Ping An Business Case Series


Integrated finance meets satellite technology to promote green growth in China


Launching a satellite for financial inclusion

It is 12.37pm, lunchtime, three days before Christmas 2020. The Long March 8 rocket lifts off from the Wenchang launch site on the tropical island of Hainan. It is on a voyage to take five satellites into orbit. Soon, Ping An 1 will take its place in the heavens, watching over China from some 700km above the earth.

Big data empowerment from space

The deployment of Ping An 1 was a giant step in Ping An’s mission to take a leadership role in space-based Internet of Things (IoT). The world’s first financial IoT satellite, Ping An 1 enables the group to offer a range of supply-chain financial services to more businesses.

Small- and medium-sized companies across China are among its core beneficiaries. By effectively employing "IoT + Finance”, the platform addresses a key problem that SMEs often face when attempting to obtain financing at reasonable cost — notably a lack of the reliable and verifiable data that finance providers need to approve loans.

Essentially, Ping An 1 is a big-data machine supporting Ping An’s Nebula IoT platform, which is a state-of-the-art cloud system connected to more than 10m IoT devices that are collecting and monitoring real-time data across the production and supply chain here on earth.

With this platform, for example, in the case of the animal husbandry industry, wearable IoT devices for dairy cows can allow the group to monitor in real time a farm’s inventory, milk production rates and other operational data to assess default risks.

Meanwhile, Ping An’s Digital Risk System (DRS) is an AI platform for physical risk identification, analysis and management that is crunching the data. The DRS deploys proprietary algorithms to analyse more than 14bn data sets relating to the weather, flooding and seismic activity going back centuries.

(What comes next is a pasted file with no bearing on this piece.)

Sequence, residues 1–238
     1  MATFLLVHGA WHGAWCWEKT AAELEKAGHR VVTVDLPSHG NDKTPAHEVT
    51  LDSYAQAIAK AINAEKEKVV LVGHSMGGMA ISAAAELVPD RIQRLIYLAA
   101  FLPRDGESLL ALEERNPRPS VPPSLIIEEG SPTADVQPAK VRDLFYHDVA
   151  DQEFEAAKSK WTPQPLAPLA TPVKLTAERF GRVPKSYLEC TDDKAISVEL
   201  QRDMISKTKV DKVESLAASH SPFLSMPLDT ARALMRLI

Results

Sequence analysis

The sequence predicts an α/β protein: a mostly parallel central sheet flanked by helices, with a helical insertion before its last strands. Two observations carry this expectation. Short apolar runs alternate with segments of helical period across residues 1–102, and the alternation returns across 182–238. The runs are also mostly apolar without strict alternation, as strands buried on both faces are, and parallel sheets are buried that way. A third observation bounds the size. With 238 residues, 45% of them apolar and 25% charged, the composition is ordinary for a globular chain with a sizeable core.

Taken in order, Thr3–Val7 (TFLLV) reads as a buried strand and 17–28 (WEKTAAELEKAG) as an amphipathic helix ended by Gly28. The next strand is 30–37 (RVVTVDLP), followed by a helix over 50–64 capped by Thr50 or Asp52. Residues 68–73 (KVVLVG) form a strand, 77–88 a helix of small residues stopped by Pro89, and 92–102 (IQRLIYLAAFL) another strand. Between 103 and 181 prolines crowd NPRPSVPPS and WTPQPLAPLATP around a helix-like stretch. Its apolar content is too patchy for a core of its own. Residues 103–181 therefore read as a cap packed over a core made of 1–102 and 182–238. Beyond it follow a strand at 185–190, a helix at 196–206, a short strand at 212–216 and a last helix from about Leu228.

With the DRS, Ping An can divide China’s landmass of some 9.6m sq km into significantly smaller, manageable plots and assess each one for risk, providing the group with granular insight into calculating insurance premiums — a benefit to both the insurer and the insured — and anticipating disasters before they happen.

The DRS can also help forecast storms and droughts, enabling timely warnings that save lives and property, and the mobilisation of rescue efforts when calamities strike. By assessing risk using real-world data, Ping An is able to provide farming communities with cost-effective financial protection, encouraging financial inclusion while growing its customer base.

Riding the storm with digital solutions

The benefits of the DRS were seen this summer, when China’s Henan province suffered severe flooding due to record rainfall, leaving 302 dead and resulting in the evacuation of 815,000 people. Thanks to the DRS, Ping An was able to respond quickly, mobilising rescue and claims forces from across the country. By September, related claims totalled more than Rmb3.4bn.

When Typhoon Mangkhut was heading for China’s Guangdong province in October 2018, Ping An was on hand to support hundreds of businesses and communities, with the DRS mapping the storm’s trajectory against client assets and enabling AI-driven risk management guidance.

The system identified more than 8,000 customers in the typhoon landing area, sending over 13,000 SMS warnings and conducting on-site risk assessment for roughly 400 enterprises and construction projects, thereby helping Ping An’s clients to minimise losses.